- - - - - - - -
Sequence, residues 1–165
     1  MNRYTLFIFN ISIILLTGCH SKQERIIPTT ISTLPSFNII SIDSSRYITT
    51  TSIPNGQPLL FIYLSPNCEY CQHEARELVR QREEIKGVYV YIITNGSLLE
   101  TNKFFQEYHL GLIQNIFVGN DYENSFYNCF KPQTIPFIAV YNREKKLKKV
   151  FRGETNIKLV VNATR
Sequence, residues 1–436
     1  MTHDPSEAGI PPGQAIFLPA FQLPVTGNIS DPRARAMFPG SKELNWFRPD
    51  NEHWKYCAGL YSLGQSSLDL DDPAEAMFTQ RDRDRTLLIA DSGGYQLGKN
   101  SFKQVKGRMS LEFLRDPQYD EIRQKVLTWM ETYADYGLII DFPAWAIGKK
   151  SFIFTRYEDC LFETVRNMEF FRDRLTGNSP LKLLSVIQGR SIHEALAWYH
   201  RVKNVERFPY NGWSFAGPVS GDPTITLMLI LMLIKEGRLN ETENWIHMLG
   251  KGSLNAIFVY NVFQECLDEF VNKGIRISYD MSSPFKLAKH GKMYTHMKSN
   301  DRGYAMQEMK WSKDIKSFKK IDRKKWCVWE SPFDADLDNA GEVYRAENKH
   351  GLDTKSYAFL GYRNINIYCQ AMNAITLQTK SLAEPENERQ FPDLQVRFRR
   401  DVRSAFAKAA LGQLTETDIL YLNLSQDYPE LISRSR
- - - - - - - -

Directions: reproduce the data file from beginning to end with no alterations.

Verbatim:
Sequence, residues 1–165
     1  MNRYTLFIFN ISIILLTGCH SKQERIIPTT ISTLPSFNII SIDSSRYITT
    51  TSIPNGQPLL FIYLSPNCEY CQHEARELVR QREEIKGVYV YIITNGSLLE
   101  TNKFFQEYHL GLIQNIFVGN DYENSFYNCF KPQTIPFIAV YNREKKLKKV
   151  FRGETNIKLV VNATR
Sequence, residues 1–436
     1  MTHDPSEAGI PPGQAIFLPA FQLPVTGNIS DPRARAMFPG SKELNWFRPD
    51  NEHWKYCAGL YSLGQSSLDL DDPAEAMFTQ RDRDRTLLIA DSGGYQLGKN
   101  SFKQVKGRMS LEFLRDPQYD EIRQKVLTWM ETYADYGLII DFPAWAIGKK
   151  SFIFTRYEDC LFETVRNMEF FRDRLTGNSP LKLLSVIQGR SIHEALAWYH
   201  RVKNVERFPY NGWSFAGPVS GDPTITLMLI LMLIKEGRLN ETENWIHMLG
   251  KGSLNAIFVY NVFQECLDEF VNKGIRISYD MSSPFKLAKH GKMYTHMKSN
   301  DRGYAMQEMK WSKDIKSFKK IDRKKWCVWE SPFDADLDNA GEVYRAENKH
   351  GLDTKSYAFL GYRNINIYCQ AMNAITLQTK SLAEPENERQ FPDLQVRFRR
   401  DVRSAFAKAA LGQLTETDIL YLNLSQDYPE LISRSR